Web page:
How food banks have become a way of life in Britain

Many Britons who are failing to make ends meet for their family are now relying on food banks to make sure they can eat.

One woman who was just one person who went straight from work to a foodbank in London so she could eat said she had nowhere else to turn. Christina Herbert, 55, said she is a palliative care worker on a zero hours contract, but had not been paid as she was forced to take time off work as a result of a chest infection.

Ms Herbert is one of 3.8 million workers highlighted by the Joseph Rowntree Foundation, which has released new research on the amount of people who are working but who are still living in poverty.

Not managing at all

The foundation said that while Theresa May’s government was concentrating on so-called JAMs – the just about managing – people were not managing at all even though they were trying their hardest.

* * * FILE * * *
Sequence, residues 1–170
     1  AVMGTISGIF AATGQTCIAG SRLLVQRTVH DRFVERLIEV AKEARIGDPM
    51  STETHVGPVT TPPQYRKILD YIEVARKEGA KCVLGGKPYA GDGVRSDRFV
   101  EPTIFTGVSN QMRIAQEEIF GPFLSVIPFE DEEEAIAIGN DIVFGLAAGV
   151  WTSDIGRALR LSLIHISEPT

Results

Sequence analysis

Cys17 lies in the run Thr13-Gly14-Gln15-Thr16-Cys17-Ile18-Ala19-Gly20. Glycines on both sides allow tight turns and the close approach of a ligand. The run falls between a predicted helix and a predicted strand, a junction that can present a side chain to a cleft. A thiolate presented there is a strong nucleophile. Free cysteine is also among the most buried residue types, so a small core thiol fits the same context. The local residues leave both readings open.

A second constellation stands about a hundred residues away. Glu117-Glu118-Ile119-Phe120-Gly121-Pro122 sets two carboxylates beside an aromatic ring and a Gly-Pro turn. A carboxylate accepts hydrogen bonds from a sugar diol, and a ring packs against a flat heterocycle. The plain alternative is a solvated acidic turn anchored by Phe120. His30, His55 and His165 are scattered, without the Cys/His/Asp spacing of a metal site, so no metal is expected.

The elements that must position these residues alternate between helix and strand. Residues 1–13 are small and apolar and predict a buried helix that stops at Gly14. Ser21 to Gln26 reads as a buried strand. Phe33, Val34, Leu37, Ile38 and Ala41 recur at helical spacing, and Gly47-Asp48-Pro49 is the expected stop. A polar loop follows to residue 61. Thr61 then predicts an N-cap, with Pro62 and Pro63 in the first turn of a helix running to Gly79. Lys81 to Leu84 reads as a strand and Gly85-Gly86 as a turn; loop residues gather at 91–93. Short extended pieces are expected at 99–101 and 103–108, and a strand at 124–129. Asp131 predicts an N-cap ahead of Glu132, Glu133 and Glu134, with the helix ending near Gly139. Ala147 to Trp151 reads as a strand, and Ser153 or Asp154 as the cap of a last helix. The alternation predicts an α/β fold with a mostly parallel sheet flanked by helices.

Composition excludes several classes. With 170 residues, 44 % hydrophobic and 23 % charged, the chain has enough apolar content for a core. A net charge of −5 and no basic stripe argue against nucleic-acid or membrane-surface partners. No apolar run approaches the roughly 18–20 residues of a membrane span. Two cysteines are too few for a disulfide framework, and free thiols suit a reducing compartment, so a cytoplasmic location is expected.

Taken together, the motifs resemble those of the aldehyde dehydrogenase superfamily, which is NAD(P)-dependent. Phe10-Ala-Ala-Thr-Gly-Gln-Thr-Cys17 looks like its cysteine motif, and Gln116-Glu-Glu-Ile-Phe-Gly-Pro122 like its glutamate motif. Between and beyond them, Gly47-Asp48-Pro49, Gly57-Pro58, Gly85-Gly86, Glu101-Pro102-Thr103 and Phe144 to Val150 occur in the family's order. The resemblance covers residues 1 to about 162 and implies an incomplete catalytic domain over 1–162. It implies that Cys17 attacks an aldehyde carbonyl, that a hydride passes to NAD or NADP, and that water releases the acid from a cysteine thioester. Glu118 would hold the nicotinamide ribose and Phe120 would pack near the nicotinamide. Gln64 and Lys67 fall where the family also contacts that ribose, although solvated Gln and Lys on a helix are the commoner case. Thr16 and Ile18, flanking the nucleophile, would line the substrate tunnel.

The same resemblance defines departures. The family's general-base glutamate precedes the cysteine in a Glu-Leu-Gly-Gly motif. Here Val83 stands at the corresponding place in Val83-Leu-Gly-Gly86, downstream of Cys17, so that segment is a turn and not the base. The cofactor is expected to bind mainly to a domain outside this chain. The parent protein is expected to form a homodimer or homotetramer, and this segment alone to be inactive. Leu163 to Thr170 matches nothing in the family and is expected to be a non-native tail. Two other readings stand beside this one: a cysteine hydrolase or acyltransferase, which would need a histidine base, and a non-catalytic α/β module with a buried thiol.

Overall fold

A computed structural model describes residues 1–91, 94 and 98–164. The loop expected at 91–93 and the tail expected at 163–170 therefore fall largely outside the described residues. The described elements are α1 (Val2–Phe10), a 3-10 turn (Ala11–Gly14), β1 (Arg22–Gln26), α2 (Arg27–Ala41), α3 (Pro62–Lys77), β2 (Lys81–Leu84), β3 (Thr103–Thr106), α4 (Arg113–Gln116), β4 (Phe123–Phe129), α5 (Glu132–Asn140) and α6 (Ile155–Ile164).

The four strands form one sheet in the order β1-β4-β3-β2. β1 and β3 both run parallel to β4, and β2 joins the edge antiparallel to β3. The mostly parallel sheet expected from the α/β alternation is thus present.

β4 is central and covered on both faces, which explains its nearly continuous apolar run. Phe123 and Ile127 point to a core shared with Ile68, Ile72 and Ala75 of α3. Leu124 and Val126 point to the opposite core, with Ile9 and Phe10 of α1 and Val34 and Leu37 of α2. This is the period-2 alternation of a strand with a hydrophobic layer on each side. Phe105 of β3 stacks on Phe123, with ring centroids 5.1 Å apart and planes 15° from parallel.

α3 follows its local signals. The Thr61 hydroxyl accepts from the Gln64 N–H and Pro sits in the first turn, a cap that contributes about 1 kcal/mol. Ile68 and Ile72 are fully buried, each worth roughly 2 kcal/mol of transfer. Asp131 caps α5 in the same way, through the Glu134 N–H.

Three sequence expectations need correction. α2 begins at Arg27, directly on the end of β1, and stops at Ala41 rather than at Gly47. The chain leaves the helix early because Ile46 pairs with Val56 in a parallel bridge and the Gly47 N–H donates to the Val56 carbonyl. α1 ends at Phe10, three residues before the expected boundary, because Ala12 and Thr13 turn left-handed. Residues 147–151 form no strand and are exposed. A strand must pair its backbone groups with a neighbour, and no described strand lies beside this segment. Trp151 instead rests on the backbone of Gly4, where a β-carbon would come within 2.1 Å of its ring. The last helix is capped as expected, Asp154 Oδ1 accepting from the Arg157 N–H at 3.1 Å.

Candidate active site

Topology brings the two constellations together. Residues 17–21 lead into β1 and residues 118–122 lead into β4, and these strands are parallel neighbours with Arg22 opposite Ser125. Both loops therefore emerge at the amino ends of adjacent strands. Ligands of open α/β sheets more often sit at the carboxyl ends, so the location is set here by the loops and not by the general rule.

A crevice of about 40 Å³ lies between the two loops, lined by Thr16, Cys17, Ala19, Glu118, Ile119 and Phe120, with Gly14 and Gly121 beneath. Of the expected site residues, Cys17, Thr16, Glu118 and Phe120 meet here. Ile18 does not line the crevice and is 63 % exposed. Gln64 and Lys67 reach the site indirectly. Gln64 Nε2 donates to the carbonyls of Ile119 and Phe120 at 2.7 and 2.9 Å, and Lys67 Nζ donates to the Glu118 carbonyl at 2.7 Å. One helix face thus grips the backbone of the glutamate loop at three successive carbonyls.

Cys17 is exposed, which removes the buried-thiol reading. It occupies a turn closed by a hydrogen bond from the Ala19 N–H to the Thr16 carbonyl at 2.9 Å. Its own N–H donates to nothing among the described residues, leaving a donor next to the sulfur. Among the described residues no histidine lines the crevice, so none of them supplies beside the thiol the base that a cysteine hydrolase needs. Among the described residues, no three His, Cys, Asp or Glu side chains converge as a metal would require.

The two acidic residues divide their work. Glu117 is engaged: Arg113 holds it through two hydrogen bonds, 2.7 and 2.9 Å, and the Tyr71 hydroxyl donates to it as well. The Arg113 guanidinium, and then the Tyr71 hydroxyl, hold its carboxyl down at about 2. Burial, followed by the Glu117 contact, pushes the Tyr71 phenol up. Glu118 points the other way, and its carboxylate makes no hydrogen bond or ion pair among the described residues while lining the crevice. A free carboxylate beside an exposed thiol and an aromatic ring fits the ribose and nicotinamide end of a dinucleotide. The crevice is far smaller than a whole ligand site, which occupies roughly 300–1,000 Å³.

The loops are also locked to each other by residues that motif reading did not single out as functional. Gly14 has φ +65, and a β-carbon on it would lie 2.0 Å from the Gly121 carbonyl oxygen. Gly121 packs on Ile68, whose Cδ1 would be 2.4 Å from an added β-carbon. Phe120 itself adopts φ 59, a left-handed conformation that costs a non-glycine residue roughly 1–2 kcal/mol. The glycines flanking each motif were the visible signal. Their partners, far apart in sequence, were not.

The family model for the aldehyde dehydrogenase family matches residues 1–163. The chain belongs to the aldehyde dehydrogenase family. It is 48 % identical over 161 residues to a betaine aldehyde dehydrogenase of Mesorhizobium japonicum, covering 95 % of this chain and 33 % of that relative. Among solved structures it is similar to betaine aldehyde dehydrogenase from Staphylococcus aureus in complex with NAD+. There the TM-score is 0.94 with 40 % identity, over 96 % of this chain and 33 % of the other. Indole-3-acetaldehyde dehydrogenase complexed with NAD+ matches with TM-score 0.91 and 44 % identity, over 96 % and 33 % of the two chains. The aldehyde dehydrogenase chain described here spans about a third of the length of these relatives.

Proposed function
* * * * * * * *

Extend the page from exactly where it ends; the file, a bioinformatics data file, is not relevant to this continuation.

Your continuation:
According to the organisation, one in every eight workers in the UK are now living in such a way. That’s a huge increase of 1.1 million since 2010/11, which was the year when the Conservative-LibDem coalition came to power.

While former Prime Minister David Cameron was often quoted as saying that the best way out of povery was work, it seems that even those who are working are simply not bringing in enough money to be able to run their household.

A pop-up foodbank has now been held right outside the House of Commons to highlight the issue. Foodbanks across the country are reporting increasing numbers of people using them. This year, the Trussell Trust says it will have fed 130,000 people who are struggling to make ends meet. Many people say they are finding it impossible to feed and heat their household over the winter.

 

 

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